FDA Approves First Long-Term Contraceptive Ring
On Friday, the U.S. Food and Drug Administration approved Annovera, which the organization states is “the first vaginal ring contraceptive that can be used for an entire year.”
The ring, developed by the global nonprofit research organization the Population Council, is soft, flexible and nonbiodegradable. It works much like other rings on the market, i.e., it is placed inside the vagina, where it releases hormones like progestin and estrogen. However, what sets Annovera apart from other vaginal birth control devices is its lifespan: Annovera can be reinserted after the “withdrawal” week, making it reusable.
The FDA release explained that Annovera is “placed in the vagina for three weeks followed by one week out of the vagina, at which time women may experience a period (a withdrawal bleed). This schedule is [then] repeated every four weeks for one year (thirteen 28-day menstrual cycles).”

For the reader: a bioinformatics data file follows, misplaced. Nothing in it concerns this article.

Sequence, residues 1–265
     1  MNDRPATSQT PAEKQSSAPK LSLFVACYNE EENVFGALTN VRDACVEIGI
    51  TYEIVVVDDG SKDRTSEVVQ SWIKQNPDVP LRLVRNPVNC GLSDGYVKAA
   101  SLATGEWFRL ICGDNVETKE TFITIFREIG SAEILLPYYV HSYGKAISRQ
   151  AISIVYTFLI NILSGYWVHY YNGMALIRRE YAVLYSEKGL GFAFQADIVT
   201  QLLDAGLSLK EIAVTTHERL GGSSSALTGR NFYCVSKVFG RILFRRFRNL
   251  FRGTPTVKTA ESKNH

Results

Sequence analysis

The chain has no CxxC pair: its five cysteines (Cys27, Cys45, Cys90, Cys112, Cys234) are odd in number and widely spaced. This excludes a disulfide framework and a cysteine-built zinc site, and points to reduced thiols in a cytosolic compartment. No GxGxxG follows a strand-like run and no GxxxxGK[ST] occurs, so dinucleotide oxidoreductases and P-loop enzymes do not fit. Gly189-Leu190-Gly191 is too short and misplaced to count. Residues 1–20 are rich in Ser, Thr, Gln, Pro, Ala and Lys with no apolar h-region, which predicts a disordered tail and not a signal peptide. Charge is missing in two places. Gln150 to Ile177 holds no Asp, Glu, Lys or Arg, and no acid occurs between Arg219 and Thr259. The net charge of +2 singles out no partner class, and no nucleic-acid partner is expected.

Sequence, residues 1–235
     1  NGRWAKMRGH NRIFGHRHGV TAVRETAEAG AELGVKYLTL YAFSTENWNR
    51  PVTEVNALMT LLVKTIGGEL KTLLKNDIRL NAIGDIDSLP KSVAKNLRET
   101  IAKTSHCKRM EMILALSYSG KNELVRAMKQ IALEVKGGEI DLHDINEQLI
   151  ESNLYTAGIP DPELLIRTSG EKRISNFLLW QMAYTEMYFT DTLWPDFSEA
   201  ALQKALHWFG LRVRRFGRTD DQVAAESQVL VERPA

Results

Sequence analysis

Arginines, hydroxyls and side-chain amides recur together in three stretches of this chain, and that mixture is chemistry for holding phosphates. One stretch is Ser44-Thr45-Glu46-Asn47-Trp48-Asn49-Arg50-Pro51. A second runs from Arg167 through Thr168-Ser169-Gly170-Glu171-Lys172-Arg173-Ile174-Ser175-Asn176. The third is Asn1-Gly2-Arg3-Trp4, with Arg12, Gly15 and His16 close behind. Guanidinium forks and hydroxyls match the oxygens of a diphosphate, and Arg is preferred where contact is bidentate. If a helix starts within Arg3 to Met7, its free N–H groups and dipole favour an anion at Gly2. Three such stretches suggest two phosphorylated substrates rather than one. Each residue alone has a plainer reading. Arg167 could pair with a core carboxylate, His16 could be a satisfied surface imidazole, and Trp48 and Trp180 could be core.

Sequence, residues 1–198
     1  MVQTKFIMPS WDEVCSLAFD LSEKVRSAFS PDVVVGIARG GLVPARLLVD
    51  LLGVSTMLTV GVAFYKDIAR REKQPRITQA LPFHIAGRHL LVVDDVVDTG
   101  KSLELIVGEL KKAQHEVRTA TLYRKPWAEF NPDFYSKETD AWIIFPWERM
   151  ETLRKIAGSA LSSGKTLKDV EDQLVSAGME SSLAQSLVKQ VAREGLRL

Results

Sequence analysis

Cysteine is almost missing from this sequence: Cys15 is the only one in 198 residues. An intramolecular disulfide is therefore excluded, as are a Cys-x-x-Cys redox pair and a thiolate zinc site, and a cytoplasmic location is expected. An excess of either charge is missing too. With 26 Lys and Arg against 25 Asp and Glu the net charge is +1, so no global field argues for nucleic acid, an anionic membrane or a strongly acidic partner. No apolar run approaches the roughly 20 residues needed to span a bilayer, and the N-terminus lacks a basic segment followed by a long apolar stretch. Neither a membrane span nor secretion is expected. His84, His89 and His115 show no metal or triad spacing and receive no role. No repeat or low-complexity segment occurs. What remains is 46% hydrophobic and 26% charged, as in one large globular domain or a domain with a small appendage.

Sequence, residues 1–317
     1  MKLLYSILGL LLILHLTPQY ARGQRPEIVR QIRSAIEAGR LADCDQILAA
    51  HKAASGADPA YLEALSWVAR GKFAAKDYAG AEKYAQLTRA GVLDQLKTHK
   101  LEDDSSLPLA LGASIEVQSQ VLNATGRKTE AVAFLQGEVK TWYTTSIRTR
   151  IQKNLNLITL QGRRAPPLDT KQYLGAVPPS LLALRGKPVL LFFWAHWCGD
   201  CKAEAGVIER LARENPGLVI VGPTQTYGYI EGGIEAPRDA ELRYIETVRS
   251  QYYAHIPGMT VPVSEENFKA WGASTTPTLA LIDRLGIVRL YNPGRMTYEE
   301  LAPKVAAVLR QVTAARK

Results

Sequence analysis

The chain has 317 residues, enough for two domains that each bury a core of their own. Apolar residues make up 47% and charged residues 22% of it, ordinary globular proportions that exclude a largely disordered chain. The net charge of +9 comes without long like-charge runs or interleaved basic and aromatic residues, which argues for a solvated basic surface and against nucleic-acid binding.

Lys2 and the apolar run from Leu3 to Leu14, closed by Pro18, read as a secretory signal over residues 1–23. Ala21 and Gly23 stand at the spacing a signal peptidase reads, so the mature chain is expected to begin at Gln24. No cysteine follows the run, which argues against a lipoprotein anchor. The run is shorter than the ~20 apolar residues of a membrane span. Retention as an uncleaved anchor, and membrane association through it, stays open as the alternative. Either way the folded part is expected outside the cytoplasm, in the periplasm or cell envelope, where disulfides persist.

Another key feature of Annovera is how it is stored when it is not in use. According to the Population Council, the product "does not require refrigeration, which is particularly important for distribution and use in low-resource settings.” What's more, Annovera does not require a monthly trip to the pharmacy (or a monthly prescription from your doctor) — making it a more economical and convenient choice.
That said, as with other many other forms of birth control, there are some people who should avoid using Annovera — for example, steer clear if you have (or have had) certain medical conditions like tumors, breast cancer and/or abnormal uterine bleeding. You should also avoid this product if you’re a smoker and over the age of 35 and, according to the FDA, everyone should be mindful that taking Annovera can cause numerous side effects or symptoms, including headache/migraine, nausea/vomiting, yeast infections, abdominal pain, dysmenorrhea (painful menstruation), breast tenderness, irregular bleeding, diarrhea and genital itching.
Annovera will be available for purchase in 2019 or 2020.